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By Moses E Ochonu

It is a fallacy but I hear and read it often. It is the mantra of the Nigerian Left, or what’s left of it. Ethnic consideration should not determine or factor into the choice of president. The ethnicity of the president should not matter, only their performance or qualification for office should. Look at Buhari; he’s been president for 6 years but his kinsfolk in the North are poorer today than they were when he took office, and he has impoverished them as much as, if not worse than, southerners.

This is a familiar argument against the politics of representation and identity and for a politics that is allegedly identity-neutral, focused only on the material dividend of politics in which economically marginalized citizens have the same needs and aspirations that are allegedly met or neglected in an undifferentiated way.

Many Leftists have since come to the realization that difference matters, whether it is that of race, ethnicity, religion, or gender, and shapes our experiences and aspirations. We now talk about intersectionality, that is, the way that class intersects with other identity markers, including ones that are primordial in nature to marginalize or empower us, informing our politics and what we consider important in politics.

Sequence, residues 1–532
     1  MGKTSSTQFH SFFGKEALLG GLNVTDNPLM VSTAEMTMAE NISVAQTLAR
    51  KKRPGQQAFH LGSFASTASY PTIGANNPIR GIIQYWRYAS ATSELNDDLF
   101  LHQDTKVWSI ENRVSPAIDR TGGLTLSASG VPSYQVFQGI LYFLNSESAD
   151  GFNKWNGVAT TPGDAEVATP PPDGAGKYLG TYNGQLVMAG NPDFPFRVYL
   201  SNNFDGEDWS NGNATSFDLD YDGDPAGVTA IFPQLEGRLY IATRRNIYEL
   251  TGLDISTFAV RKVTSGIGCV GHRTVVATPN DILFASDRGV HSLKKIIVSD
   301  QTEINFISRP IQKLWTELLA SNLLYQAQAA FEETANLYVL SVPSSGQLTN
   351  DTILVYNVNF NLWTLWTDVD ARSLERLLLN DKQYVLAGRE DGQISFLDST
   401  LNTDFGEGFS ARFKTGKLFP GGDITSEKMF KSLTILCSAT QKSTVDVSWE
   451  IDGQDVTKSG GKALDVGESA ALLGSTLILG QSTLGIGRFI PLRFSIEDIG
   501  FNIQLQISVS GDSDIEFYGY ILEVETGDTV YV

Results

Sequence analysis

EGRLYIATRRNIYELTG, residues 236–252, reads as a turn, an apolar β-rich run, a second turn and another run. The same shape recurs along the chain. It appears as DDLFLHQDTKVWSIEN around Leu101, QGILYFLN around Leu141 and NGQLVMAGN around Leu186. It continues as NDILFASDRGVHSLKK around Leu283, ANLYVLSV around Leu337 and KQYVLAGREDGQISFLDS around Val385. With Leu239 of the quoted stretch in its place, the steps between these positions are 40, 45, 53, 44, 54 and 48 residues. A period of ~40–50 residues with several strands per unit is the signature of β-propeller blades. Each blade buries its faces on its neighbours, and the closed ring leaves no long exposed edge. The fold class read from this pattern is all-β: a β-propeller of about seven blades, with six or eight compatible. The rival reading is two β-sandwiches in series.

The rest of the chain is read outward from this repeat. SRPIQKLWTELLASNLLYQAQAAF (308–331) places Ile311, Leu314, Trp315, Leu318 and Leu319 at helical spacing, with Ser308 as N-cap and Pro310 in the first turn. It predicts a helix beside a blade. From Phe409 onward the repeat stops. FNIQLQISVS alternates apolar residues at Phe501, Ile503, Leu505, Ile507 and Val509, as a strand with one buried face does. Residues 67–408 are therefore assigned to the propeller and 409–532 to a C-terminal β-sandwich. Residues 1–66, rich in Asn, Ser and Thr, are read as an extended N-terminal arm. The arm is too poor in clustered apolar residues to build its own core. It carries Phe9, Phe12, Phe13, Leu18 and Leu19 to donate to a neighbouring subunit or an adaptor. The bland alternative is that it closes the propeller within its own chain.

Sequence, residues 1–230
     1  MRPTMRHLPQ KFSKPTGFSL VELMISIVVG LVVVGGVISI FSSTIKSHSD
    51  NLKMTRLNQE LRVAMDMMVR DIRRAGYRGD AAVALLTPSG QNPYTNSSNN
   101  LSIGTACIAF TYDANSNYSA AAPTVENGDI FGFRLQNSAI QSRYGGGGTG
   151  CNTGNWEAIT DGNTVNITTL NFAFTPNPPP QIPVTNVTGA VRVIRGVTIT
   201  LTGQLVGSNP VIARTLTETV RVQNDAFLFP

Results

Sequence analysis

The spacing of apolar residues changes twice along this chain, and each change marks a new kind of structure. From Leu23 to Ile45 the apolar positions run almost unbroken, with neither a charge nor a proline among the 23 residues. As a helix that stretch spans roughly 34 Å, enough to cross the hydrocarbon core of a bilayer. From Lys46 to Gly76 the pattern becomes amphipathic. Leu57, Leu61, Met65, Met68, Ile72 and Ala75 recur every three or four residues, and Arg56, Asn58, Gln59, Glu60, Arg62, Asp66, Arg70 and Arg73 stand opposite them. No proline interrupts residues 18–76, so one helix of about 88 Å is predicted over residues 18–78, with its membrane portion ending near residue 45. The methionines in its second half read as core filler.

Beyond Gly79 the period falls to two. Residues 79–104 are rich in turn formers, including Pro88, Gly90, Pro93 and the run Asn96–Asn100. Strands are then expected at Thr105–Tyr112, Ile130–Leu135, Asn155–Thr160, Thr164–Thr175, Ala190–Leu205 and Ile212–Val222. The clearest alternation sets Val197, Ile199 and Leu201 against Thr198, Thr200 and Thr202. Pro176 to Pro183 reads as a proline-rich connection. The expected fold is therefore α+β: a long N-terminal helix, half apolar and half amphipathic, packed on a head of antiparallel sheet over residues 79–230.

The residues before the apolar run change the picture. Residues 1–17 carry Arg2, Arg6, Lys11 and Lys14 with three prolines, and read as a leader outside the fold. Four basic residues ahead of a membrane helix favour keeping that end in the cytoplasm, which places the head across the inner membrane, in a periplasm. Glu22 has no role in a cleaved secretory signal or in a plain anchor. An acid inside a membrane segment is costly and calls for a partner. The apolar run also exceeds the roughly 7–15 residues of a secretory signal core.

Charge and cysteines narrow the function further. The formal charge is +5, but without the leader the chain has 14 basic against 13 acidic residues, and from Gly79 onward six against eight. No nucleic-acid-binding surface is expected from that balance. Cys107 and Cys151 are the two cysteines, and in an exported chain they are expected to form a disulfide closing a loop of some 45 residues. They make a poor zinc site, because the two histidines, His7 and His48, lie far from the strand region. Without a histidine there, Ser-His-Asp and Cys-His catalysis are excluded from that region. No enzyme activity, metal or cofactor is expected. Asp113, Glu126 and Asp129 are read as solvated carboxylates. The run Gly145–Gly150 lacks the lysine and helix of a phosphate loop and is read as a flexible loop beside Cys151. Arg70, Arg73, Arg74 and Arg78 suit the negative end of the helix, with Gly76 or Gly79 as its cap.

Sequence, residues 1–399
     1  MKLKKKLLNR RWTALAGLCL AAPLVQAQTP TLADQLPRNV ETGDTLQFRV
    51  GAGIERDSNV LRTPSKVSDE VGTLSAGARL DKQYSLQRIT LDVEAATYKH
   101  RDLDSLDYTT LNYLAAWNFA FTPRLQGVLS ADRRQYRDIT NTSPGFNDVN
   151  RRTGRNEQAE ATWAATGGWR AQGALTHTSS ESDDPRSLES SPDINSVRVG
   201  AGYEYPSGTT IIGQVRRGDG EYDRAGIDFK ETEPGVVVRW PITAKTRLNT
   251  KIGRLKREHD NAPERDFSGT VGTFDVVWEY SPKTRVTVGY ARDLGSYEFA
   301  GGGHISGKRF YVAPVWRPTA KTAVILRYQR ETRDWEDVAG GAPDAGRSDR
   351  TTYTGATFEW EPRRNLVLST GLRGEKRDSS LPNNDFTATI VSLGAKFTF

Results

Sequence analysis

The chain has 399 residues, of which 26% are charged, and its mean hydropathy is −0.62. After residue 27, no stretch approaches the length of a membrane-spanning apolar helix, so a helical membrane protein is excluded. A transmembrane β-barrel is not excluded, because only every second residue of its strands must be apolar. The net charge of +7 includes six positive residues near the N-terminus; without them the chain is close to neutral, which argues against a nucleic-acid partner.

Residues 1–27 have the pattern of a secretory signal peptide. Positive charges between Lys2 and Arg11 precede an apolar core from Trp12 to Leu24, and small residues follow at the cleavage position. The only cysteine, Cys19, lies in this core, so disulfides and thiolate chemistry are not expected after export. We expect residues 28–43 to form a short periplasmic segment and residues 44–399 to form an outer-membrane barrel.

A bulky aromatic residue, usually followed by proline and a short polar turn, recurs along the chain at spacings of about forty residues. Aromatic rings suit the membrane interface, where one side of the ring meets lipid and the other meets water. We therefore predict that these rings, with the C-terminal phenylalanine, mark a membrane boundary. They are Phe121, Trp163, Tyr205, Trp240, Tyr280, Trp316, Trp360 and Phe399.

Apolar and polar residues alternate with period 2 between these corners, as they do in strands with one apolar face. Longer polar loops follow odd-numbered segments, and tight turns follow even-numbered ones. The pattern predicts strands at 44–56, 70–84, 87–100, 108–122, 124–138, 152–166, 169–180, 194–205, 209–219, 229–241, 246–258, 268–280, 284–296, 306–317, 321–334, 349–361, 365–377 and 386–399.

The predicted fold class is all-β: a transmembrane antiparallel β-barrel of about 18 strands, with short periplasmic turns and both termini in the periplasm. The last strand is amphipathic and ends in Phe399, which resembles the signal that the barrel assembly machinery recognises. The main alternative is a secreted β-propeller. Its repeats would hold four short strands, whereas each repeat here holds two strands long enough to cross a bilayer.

Politics is as much about representation as it is about the delivery of material comforts. It is important that people see themselves represented, including in the office of president. Which is why Obama’s presidency, even though it delivered little material benefit for African Americans, meant and still means so much to them. Symbolism, recognition, and belonging matter immensely.

It is passé and reductive neo-Marxian thinking to reduce politics and political struggles, aspirations, and contestations to the quest for material benefits. That is only one side of the equation. Which is why philosopher, Axel Honneth, postulated that all human struggles and politics are about redistribution and recognition.

The aforementioned argument about politics being solely about material improvement focuses only on the redistributive aspect. But you have to also recognize that people act on and for the quest for recognition, which is the representational aspect of politics that some people dismiss or criticize erroneously as identity politics, as if everyone’s politics is not ultimately connected to and informed by their identity, biography, and socialization.

Studies have shown that most people vote in elections based on identity and representational considerations (recognition), which they consider more important or at least as important as material improvement (redistribution). This is true in Nigeria as it is true in America and Britain. In the latter the defining identity markers are race and, to a lesser degree, ethnicity and religion; in Nigeria they’re ethnicity and religion.

It is better to recognize this universal fact of politics than to pretend that it does not or should not exist, a Utopian Marxian proposition that does not accord with reality.